rating the resistor must have, in order to carry safely the required current. The
wattage may be easily determined from the expression
, where W is the
power in watts, E the E.M.F. in volts, I in the current in amperes, and R the resistance
in ohms. The same precautions must be observed when using this formula as in the
use of Ohm's Law; that is, with regards to its use in entire or partial circuits.
It is quite customary, in radio design, to employ resistors of a wattage rating
several times greater than the calculations call for. This is a precaution against
resistor burnouts, where facilities for ventilation, are poor and the danger of
burnout through overheating is correspondingly high.
The above formulas are fundamental in radio work, and the Service Man who preserves
them for reference will find them frequently useful.
The wattage rating of a resistor applies to the entire resistor only, and not
to any section of the resistor. It is apparent that, in order to pass a certain
amount "of current through a given resistor of definite resistance and wattage,
it is necessary to apply a certain definite potential across the resistor. If this
potential, however, is applied across a section of the unit, the decrease in the
resistance will cause a corresponding increase in the current, through the section
employed, which will naturally be beyond the permissible safe value and the useful
life of that particular section will be materially shortened if not suddenly terminated.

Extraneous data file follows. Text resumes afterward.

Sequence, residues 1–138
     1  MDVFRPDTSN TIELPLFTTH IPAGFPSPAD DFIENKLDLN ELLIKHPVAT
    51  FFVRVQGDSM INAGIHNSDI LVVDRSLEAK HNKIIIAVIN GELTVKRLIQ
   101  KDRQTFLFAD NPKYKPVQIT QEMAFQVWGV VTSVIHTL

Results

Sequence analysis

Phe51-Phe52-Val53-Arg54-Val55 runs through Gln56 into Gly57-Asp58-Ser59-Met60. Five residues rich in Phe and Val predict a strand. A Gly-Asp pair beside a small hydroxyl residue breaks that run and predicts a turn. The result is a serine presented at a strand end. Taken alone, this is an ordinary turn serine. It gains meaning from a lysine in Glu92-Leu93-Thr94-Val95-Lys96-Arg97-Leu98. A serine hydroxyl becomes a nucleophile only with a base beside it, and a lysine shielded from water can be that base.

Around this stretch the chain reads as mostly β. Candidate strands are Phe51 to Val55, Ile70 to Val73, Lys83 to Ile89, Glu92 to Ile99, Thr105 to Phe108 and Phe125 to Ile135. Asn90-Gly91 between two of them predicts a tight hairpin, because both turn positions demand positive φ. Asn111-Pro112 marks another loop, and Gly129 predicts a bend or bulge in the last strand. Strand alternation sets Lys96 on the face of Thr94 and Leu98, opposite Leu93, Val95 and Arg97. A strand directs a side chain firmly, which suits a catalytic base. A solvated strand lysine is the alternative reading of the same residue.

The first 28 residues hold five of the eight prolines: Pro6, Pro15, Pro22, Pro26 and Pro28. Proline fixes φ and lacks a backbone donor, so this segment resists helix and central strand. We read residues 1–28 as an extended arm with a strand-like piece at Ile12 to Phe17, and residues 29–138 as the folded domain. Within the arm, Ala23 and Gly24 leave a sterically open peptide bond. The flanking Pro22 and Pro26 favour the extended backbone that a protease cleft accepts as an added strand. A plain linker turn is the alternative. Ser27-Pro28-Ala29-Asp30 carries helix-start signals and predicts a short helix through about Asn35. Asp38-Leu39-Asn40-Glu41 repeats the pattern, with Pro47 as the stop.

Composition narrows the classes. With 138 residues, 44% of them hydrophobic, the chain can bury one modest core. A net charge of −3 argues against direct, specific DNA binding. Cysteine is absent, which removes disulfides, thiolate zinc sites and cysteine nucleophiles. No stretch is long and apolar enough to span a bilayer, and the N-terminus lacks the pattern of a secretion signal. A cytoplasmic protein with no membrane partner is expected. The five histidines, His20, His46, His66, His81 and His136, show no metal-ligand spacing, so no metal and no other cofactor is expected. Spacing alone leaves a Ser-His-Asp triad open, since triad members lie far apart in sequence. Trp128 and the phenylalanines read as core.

Thus wattage ratings of units are applicable to the entire units only, and not to
any section of them.
Commercial resistors are commonly marked as follows: "1,000 ohms  10 watts."
It is frequently desirable to determine from such a rating the value of current
that may be safely passed through the resistor without overloading. This (1/10ampere,
in the instance above) is obtained from the relation
.
Series and Parallel Circuits
We need not devote much space to the formulas devoted to the determination of
the resultant value of a combination of resistors or condensers, in series or in
parallel. The formulas themselves are quite clear and require no special explanation.
The wattage of the individual resistors is not affected by the series connection.
It is clear, therefore, that the resulting resistor, consisting of several resistances
in series, should not be permitted to carry more current than is permissible for
the resistor of the series having the lowest wattage rating. When two or more resistors
are connected in parallel, the resultant value of resistance is less than that of
the smallest of the resistors used in the parallel connection. While the currentcarrying
capacity of the individual resistors remains unaffected the current permitted to
pass through the parallel circuit may be as great as the sum of the currentcarrying
capacities of the individual resistors.
With regard to condensers, when two or more are connected in parallel, the resultant